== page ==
After quickly selling out the first showing of the Yiddish play, “Mama’s Loshn Kugel,” Atlanta’s Eternal Life-Hemshech and New York-based National Yiddish Theatre Folksbiene have added a second showing on Sun., Oct. 7, at the Rich Theatre at Woodruff Arts Center.
“I realized, after putting my four kids through Jewish day schools, that we always talk about the people we lost in the Holocaust, but we never talk about everything else we lost,” said Karen Lansky Edlin, president of Hemshech, referring to the rich Jewish culture in Europe that was destroyed. “That’s why we decided to bring Folksbiene to Atlanta. We wanted to do something fun.”
“Mama’s Loshn Kugel” presents little humorous Yiddish vignettes, Edlin said, noting that there will be screens projecting the English translations.
Hemshech, which means “continuation” in Hebrew, was founded by Atlanta’s Holocaust survivors in 1964 to create a permanent memorial to the six million Jews killed in the Holocaust at Greenwood Cemetery. Proceeds from the event will be used to restore the 54-year-old monument which was placed on the National Register of Historic Places in 2008.
Edlin, a child of survivors, said she called Hemshech founder Benjamin Hirsch “one day and told him that we wanted to restore the memorial. We went out there and made a list of what we wanted to do, and just a few weeks later, he died.” German-born Hirsch, who came to Atlanta as a 9-year-old, died earlier this year after an award-winning career as an architect.
“I feel strongly that the Memorial to the Six Million is something survivors left for us. Hemshech was formed to build a place where they could say Kaddish because there were no graves,” Edlin said. Among the items on the wish list for the restoration project are a steam cleaning and electronic starters for the six torches. “Right now, the torches are lit by gas,” she explained. “Maybe we’ll do 80 percent of the work, or maybe 100 percent.” Hirsch’s original drawings for the memorial will be on display at the Rich Theatre.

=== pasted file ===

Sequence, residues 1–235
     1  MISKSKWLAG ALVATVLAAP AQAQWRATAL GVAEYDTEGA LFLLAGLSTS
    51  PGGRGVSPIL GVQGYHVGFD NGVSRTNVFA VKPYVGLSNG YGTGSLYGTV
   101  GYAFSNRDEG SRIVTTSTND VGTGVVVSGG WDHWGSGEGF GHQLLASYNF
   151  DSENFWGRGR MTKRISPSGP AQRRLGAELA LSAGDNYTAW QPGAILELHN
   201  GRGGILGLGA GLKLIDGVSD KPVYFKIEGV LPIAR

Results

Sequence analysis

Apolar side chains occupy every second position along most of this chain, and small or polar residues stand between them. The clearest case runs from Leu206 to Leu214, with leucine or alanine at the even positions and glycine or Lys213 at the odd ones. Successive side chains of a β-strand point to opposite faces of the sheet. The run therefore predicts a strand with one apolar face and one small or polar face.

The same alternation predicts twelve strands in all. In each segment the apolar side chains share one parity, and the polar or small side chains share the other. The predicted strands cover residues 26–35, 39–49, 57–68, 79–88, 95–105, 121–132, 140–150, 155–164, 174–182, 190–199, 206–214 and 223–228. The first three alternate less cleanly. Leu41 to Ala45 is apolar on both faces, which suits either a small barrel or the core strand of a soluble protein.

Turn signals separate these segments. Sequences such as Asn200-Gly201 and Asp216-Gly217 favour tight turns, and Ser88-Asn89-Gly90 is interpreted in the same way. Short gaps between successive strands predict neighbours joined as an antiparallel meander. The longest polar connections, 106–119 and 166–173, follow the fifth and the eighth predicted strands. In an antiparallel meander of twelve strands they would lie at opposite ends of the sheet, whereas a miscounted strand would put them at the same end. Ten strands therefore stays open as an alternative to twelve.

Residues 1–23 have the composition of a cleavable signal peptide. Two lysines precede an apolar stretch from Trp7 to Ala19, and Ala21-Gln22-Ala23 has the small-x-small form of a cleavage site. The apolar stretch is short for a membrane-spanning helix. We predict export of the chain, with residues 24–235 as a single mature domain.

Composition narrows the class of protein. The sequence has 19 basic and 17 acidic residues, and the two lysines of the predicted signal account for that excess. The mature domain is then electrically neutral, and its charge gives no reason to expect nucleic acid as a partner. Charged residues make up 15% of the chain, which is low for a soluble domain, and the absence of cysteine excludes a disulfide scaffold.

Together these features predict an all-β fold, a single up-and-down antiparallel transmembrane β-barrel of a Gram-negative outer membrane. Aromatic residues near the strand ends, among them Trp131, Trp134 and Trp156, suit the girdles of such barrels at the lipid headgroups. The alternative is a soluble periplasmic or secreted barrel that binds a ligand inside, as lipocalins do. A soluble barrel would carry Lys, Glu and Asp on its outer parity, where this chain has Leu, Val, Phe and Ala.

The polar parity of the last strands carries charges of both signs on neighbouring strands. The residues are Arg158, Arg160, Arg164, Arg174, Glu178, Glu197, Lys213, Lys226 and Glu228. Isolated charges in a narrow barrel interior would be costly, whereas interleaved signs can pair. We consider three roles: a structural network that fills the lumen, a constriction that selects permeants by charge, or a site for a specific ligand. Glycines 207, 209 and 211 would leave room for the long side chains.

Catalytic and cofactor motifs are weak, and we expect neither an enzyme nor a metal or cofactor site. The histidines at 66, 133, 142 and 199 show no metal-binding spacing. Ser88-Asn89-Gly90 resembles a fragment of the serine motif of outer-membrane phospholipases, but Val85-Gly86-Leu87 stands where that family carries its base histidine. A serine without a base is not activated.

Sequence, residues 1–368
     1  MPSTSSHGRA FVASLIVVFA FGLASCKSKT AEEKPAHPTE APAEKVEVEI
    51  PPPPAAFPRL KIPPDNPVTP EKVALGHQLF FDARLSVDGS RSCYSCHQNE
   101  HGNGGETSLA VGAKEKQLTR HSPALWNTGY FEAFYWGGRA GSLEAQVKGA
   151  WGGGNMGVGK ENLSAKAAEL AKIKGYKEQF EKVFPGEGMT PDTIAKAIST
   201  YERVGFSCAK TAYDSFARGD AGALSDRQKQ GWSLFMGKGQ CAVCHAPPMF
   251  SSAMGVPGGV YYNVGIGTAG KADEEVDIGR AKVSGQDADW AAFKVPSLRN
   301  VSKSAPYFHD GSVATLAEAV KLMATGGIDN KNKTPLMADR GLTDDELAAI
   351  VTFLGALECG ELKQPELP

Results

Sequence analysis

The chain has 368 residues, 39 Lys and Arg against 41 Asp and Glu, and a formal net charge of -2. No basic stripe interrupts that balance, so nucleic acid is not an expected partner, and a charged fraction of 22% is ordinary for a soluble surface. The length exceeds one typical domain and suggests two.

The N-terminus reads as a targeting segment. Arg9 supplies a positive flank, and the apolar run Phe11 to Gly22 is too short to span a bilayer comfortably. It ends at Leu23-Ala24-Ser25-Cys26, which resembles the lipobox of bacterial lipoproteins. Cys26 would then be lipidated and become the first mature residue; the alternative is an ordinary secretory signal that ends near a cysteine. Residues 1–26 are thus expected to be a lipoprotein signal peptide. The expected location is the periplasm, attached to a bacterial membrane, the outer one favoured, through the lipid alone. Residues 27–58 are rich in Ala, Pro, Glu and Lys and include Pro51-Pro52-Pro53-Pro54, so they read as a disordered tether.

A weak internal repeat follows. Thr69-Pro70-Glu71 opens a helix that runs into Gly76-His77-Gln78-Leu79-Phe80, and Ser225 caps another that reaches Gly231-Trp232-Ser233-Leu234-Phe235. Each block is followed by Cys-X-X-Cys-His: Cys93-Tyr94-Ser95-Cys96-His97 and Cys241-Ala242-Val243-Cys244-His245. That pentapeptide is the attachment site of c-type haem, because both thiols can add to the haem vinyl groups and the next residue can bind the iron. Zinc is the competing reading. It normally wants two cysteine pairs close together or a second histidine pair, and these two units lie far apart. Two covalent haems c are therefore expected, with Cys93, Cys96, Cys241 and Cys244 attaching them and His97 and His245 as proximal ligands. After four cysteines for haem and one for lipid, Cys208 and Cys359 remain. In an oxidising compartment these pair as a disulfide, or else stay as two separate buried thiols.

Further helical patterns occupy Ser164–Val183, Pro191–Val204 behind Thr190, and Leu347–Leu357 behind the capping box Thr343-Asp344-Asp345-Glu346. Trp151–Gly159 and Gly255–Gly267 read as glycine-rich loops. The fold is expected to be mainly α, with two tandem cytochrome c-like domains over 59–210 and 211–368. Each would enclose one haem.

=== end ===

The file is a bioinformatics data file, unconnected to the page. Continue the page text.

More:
“We started talking about this event in the summer of 2017,” said Edlin, explaining the long process of bringing a theater troupe from New York. Folksbiene is the world’s longest continuously performing theater company, now in its 103rd season. Currently in New York, Folksbiene is performing “Fiddler on the Roof” in Yiddish, directed by Joel Grey. The play has received rave reviews and the production has been extended into October. Edlin said she flew to New York to watch the three-hour play. “I smiled throughout the entire thing.”
“Yiddish songs, humor, theater and literature embodied by Folksbiene are enjoying a huge resurgence across this country and around the world,” Edlin said. “We are fortunate to be able to bring the Folksbiene troupe from New York to Atlanta to help support the Hemshech mission.”
Part of that mission is to not only continue the legacy of the founding organizers, but to provide scholarships for educators and students teaching and studying the Holocaust. Hemshech participates in city and state Holocaust education and genocide programs, while supporting survivors who share their stories with younger generations. Hemshech’s logo is “Holocaust Survivors Family and Friends”.
“We have not had this big an event for the community in a long time,” Edlin added. “We weren’t sure about doing a second showing. We wanted to make sure we sold the first show.”
Sponsorships for the play range from $250 to $10,000, and can be purchased on the Hemshech website, eternallifehemshech.org. Sponsorships include tickets as well as free admissions for Holocaust survivors, who will be honored at the performance. ■